He explained that the essence of the council was for policy making, policy enunciation and redirection in terms of evolving new and latest ideas in carrying out procurement.
According to him, in doing that, the council will oversee the activities of the Bureau of Public Procurement.
“But what do we see till date, the BPP is existing, while the council is non –existence,’’ he noted.
Mamman raised a poser as to who at the moment would query the BPP, should it violate the procurement act in the discharge of its duty.
Mamman stressed that the National Council on Public Procurement remained the only body that was enshrined in the act to check what happens at the BPP.
He said that President Muhammadu Buhari would have inaugurated the council in 2017, but it was aborted.
“Then you do know that in Nigeria today, the President is noted to be an anti-corruption crusader, but he cannot do it alone, and most sincerely we come to the realisation of the fact that procurement related corruption is towering higher every day,” Mamman noted.
He emphasised that professionals must be employed to man the procurement process.
“To be in procurement, no matter who you are, and what you have studied in the university or polytechnic, you need to cap it up with professional qualification because it is just like having an icing on the cake.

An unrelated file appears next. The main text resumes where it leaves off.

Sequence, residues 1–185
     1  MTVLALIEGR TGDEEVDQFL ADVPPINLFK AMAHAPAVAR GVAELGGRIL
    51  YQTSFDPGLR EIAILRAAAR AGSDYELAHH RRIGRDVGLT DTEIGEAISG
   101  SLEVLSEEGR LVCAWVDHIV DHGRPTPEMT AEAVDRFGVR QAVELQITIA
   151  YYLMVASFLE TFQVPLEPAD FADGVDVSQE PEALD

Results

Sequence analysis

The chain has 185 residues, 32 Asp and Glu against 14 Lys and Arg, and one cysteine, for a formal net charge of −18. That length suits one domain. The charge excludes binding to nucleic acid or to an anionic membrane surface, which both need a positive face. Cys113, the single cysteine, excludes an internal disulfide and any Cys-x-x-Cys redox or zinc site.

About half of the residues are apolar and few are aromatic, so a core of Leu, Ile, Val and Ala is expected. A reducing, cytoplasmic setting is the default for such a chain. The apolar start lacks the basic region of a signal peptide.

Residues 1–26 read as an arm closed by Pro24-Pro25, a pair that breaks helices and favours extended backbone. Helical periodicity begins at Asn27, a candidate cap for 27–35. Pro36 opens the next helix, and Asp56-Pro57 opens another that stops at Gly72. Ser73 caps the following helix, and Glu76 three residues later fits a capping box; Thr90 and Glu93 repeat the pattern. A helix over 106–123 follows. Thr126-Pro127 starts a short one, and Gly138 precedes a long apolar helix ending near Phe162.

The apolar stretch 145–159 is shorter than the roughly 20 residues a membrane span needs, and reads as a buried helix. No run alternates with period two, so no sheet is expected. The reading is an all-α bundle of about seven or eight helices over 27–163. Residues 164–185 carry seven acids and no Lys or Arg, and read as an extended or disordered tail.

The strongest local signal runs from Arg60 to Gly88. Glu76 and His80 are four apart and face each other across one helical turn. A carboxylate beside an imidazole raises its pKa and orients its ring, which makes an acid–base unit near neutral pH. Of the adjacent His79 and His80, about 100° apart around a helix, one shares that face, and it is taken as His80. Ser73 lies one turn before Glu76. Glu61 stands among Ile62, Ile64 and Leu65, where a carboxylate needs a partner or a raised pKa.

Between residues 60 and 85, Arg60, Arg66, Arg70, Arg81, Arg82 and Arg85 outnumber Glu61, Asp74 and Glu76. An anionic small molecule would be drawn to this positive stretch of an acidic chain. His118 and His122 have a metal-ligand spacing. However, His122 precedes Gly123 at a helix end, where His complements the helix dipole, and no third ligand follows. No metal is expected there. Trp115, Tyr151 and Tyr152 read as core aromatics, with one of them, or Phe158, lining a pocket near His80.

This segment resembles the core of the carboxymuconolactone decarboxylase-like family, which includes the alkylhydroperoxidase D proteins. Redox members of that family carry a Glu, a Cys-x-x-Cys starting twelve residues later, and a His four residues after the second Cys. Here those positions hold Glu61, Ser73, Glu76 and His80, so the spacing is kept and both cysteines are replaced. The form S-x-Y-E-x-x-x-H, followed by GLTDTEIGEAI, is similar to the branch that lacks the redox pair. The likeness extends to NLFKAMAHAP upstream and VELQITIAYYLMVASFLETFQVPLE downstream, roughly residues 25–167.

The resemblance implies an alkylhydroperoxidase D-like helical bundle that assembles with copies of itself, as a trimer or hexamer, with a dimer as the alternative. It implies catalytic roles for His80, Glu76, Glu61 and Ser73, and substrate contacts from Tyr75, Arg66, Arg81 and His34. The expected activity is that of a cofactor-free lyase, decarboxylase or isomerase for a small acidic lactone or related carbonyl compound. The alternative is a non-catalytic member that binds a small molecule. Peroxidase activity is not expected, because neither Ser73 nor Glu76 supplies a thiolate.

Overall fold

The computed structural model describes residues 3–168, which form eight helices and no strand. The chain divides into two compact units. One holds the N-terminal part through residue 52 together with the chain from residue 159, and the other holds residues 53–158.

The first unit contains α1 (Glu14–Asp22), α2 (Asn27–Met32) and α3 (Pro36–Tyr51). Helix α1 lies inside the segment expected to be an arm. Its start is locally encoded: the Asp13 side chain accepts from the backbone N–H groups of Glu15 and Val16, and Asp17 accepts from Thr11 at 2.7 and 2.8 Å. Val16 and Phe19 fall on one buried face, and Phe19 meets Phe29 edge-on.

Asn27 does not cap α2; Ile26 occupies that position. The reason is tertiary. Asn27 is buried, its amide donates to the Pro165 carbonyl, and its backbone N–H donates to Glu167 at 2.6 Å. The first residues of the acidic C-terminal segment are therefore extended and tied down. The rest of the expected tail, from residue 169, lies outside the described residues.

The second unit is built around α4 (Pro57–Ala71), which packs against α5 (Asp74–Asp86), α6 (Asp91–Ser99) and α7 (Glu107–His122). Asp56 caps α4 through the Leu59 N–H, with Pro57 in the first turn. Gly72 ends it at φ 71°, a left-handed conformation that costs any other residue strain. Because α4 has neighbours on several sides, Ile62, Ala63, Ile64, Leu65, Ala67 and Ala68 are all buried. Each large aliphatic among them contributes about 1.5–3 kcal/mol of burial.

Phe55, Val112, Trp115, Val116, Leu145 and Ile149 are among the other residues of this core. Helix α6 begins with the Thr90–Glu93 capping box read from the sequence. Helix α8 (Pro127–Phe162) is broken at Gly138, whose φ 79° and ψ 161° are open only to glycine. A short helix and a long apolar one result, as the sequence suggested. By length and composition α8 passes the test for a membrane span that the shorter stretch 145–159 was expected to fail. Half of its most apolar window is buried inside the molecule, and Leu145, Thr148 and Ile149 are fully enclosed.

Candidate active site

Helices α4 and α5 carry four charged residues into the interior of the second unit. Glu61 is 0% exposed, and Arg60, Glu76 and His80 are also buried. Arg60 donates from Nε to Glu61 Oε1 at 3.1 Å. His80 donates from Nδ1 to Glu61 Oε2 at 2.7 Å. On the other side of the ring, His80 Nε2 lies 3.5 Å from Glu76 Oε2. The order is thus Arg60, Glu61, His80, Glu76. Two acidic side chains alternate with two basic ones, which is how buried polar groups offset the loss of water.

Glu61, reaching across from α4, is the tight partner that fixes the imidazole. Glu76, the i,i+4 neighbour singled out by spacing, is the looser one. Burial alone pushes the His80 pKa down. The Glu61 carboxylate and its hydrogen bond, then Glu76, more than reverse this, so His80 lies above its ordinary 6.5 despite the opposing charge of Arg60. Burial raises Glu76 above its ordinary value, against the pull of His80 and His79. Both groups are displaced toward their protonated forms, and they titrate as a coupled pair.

“Some people are dragged to the procurement today, that do not have the technical know-how; for you to go for two weeks seminar and then you are saddled with the responsibility of procurement is not enough.’’
Mamman called for proper monitoring of procurement officers so that they could be taught the code of ethics, stressing that Nigeria can reduce procurement related corruption by doing the right thing.
Mr Soji Adeniyi, the chairman of the induction ceremony, noted that procurement remained a critical factor in the development of the nation.
He called on the government to allow professionals to handle procurement.
According to him, you will agree with me that when we listen to the budget of the country, we talk about billions that have been assigned to procurement in term of good roads, services and infrastructure in the country.
“And more often than not, it is the professionals that are saddled with the responsibility to do such procurement with a sense of excellence, and if they are not well trained, the issue of corruption that we are trying to address as a nation will never be over.’’
He bemoaned the incursion of quacks into the procurement profession, while frowning at a situation where people lacking in professional acumen were assigned to procurement process.
“A chief executive will bring in just anyone either because of religious bias, or ethnicity; and the procurement officer is expected to be honest, but beyond honesty, procurement is a function that needs to be done professionally with certain ethics and value in the process of delivering results.
Adeniyi said that Nigeria must train and employ professionals to main the country’s procurement process in order to ensure effective and efficient service delivery. (NAN Features)